In the midwest, where the economy wasn't as hot, IMCA brought back the modified race car based upon a street chassis, along with engine and tire limits.

Dirt Late Models came about when tracks thought that NASCAR's idea that race cars should look like street cars caused them to create new classes where what started as street stocks were allowed to spend more money modifying them... but they had to keep the original factory wheelbase and at least the outer shell of the bodywork (fenders and all). So although dirt late models have morphed into cars built from the ground up with few factory parts, they've tended to stick with the stock wheelbases. The body shells have evolved way past their street counterparts... in the 1980s and 1990s they got pretty radical (remember the wedge cars and the billboard cars?) so many tracks throttled them back, but still without headlight decals and brand stickers you wouldn't know which street cars they're supposed to represent.

By the way, NASCAR itself started with modified cars. But the southern economy was slow so these cars stayed truer to the street versions longer. NASCAR started out promoting modifieds as a higher class than their more street-like class, but the local economy caused the street-like class to grow much more rapidly and even today modifieds only are found in small pockets in the south while fuller body race cars are almost everywhere.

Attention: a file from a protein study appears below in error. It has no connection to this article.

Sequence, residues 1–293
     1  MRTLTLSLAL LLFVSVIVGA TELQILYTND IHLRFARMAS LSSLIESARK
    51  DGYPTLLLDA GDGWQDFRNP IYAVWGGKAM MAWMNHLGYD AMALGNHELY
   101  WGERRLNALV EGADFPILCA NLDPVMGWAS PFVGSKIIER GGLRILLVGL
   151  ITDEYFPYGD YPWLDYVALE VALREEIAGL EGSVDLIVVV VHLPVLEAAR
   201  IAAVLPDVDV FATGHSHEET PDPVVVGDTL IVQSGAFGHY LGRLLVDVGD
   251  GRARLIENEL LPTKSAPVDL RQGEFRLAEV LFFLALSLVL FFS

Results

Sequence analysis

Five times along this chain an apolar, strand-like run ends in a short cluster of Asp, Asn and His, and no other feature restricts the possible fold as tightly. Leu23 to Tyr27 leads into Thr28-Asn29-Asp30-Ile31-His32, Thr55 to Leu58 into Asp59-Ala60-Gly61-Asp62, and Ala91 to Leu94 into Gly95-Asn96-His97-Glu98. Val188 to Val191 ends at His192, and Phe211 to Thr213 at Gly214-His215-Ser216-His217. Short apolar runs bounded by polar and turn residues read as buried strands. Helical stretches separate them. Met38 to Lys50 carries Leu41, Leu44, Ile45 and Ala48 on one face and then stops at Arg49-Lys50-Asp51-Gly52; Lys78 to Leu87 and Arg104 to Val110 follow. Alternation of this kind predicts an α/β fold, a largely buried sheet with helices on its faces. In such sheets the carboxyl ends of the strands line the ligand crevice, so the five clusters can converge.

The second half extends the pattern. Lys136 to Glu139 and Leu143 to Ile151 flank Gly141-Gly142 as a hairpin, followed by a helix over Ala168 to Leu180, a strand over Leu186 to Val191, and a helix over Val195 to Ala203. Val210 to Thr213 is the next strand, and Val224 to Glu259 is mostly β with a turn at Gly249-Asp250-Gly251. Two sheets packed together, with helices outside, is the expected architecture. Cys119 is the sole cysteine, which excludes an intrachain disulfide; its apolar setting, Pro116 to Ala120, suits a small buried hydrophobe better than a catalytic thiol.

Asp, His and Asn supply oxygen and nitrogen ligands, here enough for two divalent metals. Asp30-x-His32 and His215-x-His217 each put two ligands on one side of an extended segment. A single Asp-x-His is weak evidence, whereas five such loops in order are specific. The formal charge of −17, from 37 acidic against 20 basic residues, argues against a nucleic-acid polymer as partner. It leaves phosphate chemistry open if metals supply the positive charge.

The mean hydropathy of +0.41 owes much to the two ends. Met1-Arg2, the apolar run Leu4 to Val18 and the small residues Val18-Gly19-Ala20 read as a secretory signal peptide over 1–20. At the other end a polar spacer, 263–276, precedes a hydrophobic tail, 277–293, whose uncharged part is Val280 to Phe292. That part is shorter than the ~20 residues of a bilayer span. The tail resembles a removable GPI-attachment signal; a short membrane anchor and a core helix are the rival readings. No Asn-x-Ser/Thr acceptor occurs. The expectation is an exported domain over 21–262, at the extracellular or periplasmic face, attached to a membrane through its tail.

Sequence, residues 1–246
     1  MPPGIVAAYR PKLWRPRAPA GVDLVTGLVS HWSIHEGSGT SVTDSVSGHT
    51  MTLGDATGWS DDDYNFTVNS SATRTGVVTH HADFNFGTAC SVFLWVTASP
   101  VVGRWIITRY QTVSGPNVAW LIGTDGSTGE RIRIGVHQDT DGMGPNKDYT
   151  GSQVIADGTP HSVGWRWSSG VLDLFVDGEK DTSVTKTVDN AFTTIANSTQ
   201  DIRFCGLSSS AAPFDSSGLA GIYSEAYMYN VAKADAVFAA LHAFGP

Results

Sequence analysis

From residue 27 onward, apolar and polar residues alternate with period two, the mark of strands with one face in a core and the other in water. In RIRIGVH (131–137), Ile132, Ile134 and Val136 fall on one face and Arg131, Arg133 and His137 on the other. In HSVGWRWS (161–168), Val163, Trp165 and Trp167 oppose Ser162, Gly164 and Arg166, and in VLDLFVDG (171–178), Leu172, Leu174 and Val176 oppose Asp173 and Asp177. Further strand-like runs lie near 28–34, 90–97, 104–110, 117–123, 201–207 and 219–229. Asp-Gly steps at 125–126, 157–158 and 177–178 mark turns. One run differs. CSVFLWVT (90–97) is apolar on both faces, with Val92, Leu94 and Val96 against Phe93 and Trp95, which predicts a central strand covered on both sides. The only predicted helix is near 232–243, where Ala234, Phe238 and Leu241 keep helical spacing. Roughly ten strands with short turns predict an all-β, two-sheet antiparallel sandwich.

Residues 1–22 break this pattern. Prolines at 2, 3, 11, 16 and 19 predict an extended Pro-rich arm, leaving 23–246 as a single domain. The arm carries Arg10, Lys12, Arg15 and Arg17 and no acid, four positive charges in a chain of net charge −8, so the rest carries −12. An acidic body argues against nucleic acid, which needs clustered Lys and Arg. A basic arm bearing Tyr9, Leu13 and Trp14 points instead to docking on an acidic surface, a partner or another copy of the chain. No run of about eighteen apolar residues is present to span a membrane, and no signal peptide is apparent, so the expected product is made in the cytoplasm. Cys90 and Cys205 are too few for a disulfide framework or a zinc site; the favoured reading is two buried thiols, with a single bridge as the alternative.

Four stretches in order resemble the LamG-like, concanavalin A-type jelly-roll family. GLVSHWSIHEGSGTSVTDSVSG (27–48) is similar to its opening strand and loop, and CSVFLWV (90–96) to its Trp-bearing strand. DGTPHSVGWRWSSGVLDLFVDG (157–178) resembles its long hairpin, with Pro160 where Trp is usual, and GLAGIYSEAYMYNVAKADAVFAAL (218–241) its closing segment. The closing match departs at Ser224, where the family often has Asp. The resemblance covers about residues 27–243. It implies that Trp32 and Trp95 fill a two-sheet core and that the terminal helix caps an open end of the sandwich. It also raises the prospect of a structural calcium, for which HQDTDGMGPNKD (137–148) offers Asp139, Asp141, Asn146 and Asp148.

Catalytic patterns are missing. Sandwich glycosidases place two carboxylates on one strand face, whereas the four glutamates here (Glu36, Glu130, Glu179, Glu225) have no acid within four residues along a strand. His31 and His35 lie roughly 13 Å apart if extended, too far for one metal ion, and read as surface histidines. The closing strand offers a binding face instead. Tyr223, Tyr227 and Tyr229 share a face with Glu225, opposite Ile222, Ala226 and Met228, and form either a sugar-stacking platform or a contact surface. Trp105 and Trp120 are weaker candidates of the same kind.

That's a probably over-simplified summary of how dirt late models became so different than today's modifieds... if you get to take a good squint at dirt late models across the country, as well as modifieds across the country, you'll find definite differences - some that make the cars unequal if they tried to compete directly with their same-named friends.
 

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In the Northeast the economy tended to be pretty good, so more people spent more money. Dirt racers noticed that narrow chassis with a lot of controlled body roll went faster... pavement racers learned that wider chassis with less body roll was faster on their tracks. Since you're mainly interested in dirt racing, I'll leave this except to point out that's why ground-up built dirt modifieds and sprint cars are so much taller and narrower than their pavement counterparts.
This is an interesting detail I hadn't thought about.
 

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No. Both sprints and super mods were built with the engine in the center of the frame, directly in front of the driver. This is a pic of them on asphalt. They would turn around and race the same cars
the next night on dirt tracks. This was around 1972.

View attachment 39723
True, but again what is called a "Supermodified" depends upon where you were in the country...

By the 1990s, Supermodifieds similar to what you pictured were changing - built with their engines offset to the left and even laid over almost on their sides - for better handling and aerodynamics, particularly on paved tracks. And you had a few mavericks like Bill Hite who built 4-wheel drive Supers... although he lived and built race cars in Alabama he raced those Supers in upstate New York.